@TararuaHunter, I think the [DOC description](https://www.doc.govt.nz/parks-and-recreation/places-to-go/wellington-kapiti/places/tararua-forest-park/things-to-do/tracks/tararua-northern-crossing/) is pretty fair. Some quotes: > It is recommended for experienced trampers only, and requires good navigation and map reading skills. > It involves travelling along the open tops. > Before you go into the outdoors, tell someone your plans and leave a date to raise the alarm if you haven't returned.
@Berend de Boer I think quite a few would not understand from that DOC info, that there is a high risk of death, if the take they unwise risks. "experienced" is a relative term. Quite a few incidents have involved experienced trampers/hunters. Due to poor decisions. The message isn't getting across Clubs are one place where trampers can be better educated. But its in the glossy magazines and social media where the problem lies, somewhat. perhaps hut information provided by DOC and Clubs could be more explicit? anyway, this might be getting off topic - Tops sign posting PS, problem is, people don't know what they don't know
@TararuaHunter I'm inclined very much to agree with you. Information by itself is not enough, it's experience and example that builds competency. Incidentally that's the only reason why I detailed my own mistakes in these forums. In terms of experience and skill I know dozens of other trampers and hunters way more competent than me, but being truthful about my own misjudgements is a small way to help others get a sense of what can go wrong and what to be alert to. I suspect we've all had our close calls over the years. Clubs used to be the best way to convey experience with minimum risk, but the trend to inexperienced people heading into tough terrain on their own, means you're often only one unwitting mistake away from disaster. I really agree with your thoughts about Wilderness magazine in particular.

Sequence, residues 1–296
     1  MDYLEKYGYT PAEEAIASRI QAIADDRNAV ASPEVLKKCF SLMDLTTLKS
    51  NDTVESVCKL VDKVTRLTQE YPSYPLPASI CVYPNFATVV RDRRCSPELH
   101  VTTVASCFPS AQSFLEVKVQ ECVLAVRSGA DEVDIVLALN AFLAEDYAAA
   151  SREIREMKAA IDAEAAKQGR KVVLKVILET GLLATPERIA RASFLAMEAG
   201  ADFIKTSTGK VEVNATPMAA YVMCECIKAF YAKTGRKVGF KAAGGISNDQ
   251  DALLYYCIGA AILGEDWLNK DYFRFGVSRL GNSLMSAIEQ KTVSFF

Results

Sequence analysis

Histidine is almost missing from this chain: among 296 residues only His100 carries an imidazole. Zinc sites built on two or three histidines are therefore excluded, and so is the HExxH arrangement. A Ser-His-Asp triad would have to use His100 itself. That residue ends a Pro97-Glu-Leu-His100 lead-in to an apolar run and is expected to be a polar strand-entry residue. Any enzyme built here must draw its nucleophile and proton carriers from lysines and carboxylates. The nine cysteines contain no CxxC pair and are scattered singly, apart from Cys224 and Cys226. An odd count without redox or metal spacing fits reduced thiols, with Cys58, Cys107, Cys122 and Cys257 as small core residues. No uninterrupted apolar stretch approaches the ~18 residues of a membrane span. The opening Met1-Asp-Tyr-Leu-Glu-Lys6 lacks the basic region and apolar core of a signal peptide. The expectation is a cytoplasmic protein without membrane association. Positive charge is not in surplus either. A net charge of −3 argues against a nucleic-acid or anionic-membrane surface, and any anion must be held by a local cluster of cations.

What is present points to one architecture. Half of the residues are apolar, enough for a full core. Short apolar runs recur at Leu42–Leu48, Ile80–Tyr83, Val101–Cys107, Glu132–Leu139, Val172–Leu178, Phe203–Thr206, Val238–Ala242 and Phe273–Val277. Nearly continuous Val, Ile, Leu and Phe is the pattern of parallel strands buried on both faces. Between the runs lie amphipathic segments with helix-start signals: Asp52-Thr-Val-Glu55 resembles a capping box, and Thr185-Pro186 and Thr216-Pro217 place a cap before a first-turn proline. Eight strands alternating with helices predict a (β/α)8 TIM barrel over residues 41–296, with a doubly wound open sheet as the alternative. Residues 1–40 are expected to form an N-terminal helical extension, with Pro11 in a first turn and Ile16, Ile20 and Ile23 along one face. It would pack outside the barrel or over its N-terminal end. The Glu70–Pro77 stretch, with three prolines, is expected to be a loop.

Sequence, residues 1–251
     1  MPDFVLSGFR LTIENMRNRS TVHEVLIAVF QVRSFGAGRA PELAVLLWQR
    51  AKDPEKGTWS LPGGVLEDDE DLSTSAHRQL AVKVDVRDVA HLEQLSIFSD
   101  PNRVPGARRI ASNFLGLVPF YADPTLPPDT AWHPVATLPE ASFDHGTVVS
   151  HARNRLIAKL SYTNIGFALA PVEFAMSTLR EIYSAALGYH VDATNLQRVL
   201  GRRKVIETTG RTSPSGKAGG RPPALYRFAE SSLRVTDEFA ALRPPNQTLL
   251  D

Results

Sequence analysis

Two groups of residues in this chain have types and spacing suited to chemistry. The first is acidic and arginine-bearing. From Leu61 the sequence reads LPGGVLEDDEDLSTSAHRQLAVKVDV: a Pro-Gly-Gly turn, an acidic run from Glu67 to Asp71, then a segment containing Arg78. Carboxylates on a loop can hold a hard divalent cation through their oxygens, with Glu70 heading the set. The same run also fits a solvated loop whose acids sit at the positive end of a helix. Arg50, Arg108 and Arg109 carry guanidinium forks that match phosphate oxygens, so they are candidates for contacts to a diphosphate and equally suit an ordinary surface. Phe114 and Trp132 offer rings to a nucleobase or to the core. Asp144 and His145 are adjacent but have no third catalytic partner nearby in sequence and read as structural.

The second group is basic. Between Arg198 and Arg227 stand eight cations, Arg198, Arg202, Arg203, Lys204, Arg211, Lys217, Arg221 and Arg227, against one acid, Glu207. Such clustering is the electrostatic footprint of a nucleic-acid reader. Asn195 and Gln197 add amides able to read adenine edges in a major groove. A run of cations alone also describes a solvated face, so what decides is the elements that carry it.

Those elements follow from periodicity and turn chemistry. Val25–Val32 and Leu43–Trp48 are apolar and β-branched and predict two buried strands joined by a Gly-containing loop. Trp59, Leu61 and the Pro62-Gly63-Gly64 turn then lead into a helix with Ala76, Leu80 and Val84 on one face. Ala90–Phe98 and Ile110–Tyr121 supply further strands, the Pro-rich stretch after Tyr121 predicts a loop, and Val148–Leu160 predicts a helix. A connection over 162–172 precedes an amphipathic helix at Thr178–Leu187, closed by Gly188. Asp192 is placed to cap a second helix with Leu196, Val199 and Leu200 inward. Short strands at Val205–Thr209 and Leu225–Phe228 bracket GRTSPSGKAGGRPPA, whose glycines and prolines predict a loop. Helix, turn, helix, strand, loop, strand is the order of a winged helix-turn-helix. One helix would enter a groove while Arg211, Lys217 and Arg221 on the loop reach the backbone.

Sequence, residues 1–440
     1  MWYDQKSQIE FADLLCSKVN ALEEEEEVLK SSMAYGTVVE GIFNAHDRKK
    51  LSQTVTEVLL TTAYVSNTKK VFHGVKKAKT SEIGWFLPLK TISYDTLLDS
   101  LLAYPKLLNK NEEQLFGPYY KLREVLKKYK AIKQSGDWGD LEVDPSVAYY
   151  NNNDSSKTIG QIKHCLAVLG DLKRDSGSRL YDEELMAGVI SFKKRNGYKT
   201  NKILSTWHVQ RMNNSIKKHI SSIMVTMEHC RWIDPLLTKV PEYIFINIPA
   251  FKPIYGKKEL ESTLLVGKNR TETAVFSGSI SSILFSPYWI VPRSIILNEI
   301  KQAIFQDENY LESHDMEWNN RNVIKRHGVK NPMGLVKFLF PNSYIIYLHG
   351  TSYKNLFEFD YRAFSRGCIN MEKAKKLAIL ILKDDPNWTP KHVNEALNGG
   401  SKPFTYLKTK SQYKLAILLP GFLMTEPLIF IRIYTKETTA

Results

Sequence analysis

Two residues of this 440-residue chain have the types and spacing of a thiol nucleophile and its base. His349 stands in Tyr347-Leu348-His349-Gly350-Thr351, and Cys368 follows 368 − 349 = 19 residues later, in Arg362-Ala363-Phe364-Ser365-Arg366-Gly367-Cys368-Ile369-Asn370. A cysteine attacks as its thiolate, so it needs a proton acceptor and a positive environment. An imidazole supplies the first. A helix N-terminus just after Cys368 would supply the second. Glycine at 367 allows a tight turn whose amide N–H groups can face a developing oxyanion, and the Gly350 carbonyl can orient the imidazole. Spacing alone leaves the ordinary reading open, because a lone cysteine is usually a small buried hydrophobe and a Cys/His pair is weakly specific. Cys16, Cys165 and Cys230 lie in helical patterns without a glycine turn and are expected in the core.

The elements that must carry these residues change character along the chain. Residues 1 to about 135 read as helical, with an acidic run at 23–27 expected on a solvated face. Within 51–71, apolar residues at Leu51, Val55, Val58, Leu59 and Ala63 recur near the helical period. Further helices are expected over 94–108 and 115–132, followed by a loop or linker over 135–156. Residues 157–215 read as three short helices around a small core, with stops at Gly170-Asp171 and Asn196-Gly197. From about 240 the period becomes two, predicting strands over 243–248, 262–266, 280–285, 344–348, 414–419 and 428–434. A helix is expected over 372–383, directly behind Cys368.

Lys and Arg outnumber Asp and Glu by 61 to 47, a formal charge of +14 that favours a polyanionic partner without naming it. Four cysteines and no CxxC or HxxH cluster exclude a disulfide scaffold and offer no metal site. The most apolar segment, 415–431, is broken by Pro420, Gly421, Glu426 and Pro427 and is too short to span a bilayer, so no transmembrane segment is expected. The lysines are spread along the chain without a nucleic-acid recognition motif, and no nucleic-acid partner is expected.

darren myers was very experienced, in other parts of the globe. it was his first tramp in the tararuas., his experience didnt translate to the Tararuas well at all. steep slippery tussock, loose steep ground, a route he'd never done before...
@waynowski True enough. I had substantial experience in the Southern Alps and Fiordland before I ever set foot in the Tararuas, but it quickly became obvious to me that it would be smart to stick to club trips for a few years before I dared do any alpine solos in these ranges. And especially not in winter. That's the message which needs to be conveyed.
The tararuas experience is so many things to so many people. There is a large wilderness area which is quite extensively guarded against all forms of human evidence and many other areas where it is quite correct to keep proof of humanity to a minimum which would include track markers poles etc. However on the major routes and near huts markers can save lives. Theres still plenty of places that are set aside for the true bushmen
Poling will never be outdated. It is still prudent to have a system in place which isn't reliant on electricity. Something you don't have without the infrastructure. The person who is desperatley searching somewhere in adverse conditions likely has cold fingers or gloves on and won't want to stuff around with a phone.
It's the mountains people. We have to just accept this stuff will happen. You can't stop or avoid it much like you can't stop car accidents. He found arete biv. A poled route wasnt his problem. The tarrys are no joke its as simple as that.